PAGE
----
RPGs have come a long way in the year 2000. No longer restricted to hack and slash "save the princess" storylines, they can range from the deranged silliness of Earthbound to the urban mystery of Persona 2. In this vein, the developers of Summoner have come up with a new genre of role-playing game: the RPG as soporific. Volition seemingly knows what makes an RPG, and has used its knowledge of these conventions to put us to sleep as efficiently as possible.

 We're all in this together, Flece
"Gah. I'm in Summoner."

   There are several reasons it should have been apparent that a PC-style RPG won't work very well off of a PC, many of which can be seen in the design of the large cities that are a hallmark of the style. The first problem is the aforementioned incredible number of "filler people." Only a few people in each city have anything important to say or anything to add to the quest, and they're marked with double exclamation points. The rest are there for no reason. Not only do they fail to add anything to the game, keeping track of so many unnecessary models is probably one reason the framerate suffers so much. Another reason for that is, of course, the large-scale environments and houses, none of which you're actually allowed to enter.

   Two other hallmarks of a PC-style RPG are large save files and the use of a keyboard, both of which are absolutely necessary for navigating these gigantic environments. Without a keyboard, you can't annotate or mark the map with important NPCs, and when save files must be kept as small as possible to fit on the PS2 memory card, there's no room for Volition to automatically mark them either. The lack of any map annotations makes solving even the most basic quests exponentially more tedious, since you'll have to track down everyone involved several times.

Tear my eyes out

   But problems inherent in bringing a PC-style RPG to a console aren't the only things wrong with Summoner. There are also things Volition did poorly all by themselves. Though they were the ones to figure out how to achieve some sort of anti-aliasing on the PS2, it hasn't done much for the graphics in Summoner. What the game resembles most is some kind of slightly higher-resolution form of a PSX adventure game, but with worse character models. If eyes are windows to the soul, this author would like never to know the twisted, broken spirits that lie behind Summoner's cross-eyed, bloodshot orbs. Together with the rampant flickering framerate and excessively low draw-in distances, the graphics are just short of headache-inducing. The worst offender is the font used for all the game's text. In twelve years of console RPGs, Summoner may be the first to get the font completely wrong. The letters, which are approximately one pixel wide, are all a deep blue or scarlet red against black, forcing the player to move up as close as an inch away from the screen to read the text. All of this put together will make most players want to rest their eyes every so often before continuing or risk eyestrain.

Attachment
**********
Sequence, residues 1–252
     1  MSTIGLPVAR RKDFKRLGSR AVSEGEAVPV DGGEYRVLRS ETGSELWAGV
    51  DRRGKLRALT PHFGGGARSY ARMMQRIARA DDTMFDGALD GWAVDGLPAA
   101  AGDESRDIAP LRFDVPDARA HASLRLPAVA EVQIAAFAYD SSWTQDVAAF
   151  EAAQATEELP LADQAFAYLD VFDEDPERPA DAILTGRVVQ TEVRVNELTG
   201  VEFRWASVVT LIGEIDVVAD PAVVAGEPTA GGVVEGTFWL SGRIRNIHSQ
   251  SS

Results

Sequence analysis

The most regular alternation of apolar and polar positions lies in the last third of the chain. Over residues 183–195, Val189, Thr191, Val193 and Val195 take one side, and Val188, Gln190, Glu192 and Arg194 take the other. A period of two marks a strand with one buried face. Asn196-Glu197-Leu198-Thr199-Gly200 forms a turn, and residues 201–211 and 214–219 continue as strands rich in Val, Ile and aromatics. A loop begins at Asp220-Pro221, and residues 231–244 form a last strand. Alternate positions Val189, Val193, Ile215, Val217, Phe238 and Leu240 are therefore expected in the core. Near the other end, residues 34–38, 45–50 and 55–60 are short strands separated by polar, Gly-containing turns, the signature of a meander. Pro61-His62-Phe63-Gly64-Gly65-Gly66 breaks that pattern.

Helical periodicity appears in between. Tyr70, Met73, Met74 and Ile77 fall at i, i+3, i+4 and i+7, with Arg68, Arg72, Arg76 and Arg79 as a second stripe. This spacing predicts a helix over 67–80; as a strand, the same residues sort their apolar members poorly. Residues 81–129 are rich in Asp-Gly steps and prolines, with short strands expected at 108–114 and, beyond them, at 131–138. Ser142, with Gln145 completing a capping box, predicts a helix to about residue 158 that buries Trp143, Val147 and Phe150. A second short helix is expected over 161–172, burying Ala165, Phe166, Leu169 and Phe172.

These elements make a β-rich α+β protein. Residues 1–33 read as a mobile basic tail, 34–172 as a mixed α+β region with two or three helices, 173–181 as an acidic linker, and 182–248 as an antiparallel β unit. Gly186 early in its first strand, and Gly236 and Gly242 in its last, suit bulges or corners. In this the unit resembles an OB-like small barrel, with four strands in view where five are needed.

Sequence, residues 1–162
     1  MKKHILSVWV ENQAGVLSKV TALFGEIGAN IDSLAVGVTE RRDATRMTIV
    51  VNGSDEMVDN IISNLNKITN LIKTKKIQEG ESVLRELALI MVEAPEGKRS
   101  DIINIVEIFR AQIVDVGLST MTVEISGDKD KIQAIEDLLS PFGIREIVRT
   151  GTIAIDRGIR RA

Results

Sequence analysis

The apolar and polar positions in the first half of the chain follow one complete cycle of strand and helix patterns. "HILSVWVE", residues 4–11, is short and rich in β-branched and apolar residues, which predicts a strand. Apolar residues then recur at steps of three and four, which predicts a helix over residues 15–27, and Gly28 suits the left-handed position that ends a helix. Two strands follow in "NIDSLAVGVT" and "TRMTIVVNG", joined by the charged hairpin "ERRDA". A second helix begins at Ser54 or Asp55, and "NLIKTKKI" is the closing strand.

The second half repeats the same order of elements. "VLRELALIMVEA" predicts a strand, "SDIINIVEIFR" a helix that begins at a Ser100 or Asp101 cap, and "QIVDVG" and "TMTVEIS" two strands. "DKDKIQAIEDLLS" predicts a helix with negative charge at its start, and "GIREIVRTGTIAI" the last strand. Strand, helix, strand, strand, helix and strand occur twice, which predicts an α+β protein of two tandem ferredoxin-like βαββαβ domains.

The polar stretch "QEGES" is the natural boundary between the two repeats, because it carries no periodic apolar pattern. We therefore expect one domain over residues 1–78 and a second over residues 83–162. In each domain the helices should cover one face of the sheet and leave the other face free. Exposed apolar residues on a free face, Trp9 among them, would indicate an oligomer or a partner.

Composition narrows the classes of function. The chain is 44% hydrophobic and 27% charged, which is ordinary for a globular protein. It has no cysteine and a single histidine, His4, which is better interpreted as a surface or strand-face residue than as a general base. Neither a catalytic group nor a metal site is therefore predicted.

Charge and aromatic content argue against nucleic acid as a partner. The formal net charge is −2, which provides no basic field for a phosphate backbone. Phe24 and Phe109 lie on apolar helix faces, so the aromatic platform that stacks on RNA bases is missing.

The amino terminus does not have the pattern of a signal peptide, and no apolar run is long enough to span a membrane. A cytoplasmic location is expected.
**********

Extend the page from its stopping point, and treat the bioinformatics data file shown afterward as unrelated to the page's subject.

Kill me now
The blinding visuals of the PlayStation 2

   And that's when the graphics are passable. When they're not, you get something like the world map, which is one big 16-color blur with brown boxes meant to represent cities strewn here and there. Or the time it seemed a shadow was passing over the city, perhaps indicating a large flying monster or armada of airships ready to strike ... but turned out to be nothing more than the city texturing itself before my eyes. When an environment takes 35 seconds to load, one expects it to stay loaded.

   Larger issues than the graphics lie in the battle system, which takes all the nasty "interactive" aspects out of the game. If you turn auto-chaining on in the options menu, it's possible to leave the main character alone in a dungeon, put the controller down, and watch as he automatically dispatches every enemy that approaches. You can even set the AI to "heal" so that he automatically cures any wounds incurred. There's no AI for "solve dungeon" or "complete quest," but it wouldn't feel out of place in this game.

Nothing can save me either, for that matter.
Nothing can save you now

   Even when you leave manual chaining on, it still feels like a shabby knockoff of Vagrant Story's battle system. Where that game featured free roaming during battle and required close attention, Summoner leaves poor Joseph standing still as he resolutely attacks one enemy at a time while receiving triple the damage he inflicts from a gang of enemies that has surrounded him. It's grievously unbalanced and gets worse as party members join. Since you can only control one character in the party at any moment, the rest will resort to their poorly-scripted AI patterns, guaranteed to leave them dead within seconds.

   There are other problems with the game such as the obscene load times, the game's sorry excuse for a premise--a hero who inadvertently brings ruin to his hometown has a staple of RPGs for at least a decade--and the generally uninspired music, but why go on? Does anything more need be said beyond, "It's the PlayStation 2's worst launch RPG and don't buy it?" No.

Review by Nich Maragos, GIA.
Developer Volition Studios
Publisher THQ
Genre Traditional RPG
Medium DVD
Platform PlayStation 2
Release Date  Unknown
53 screenshots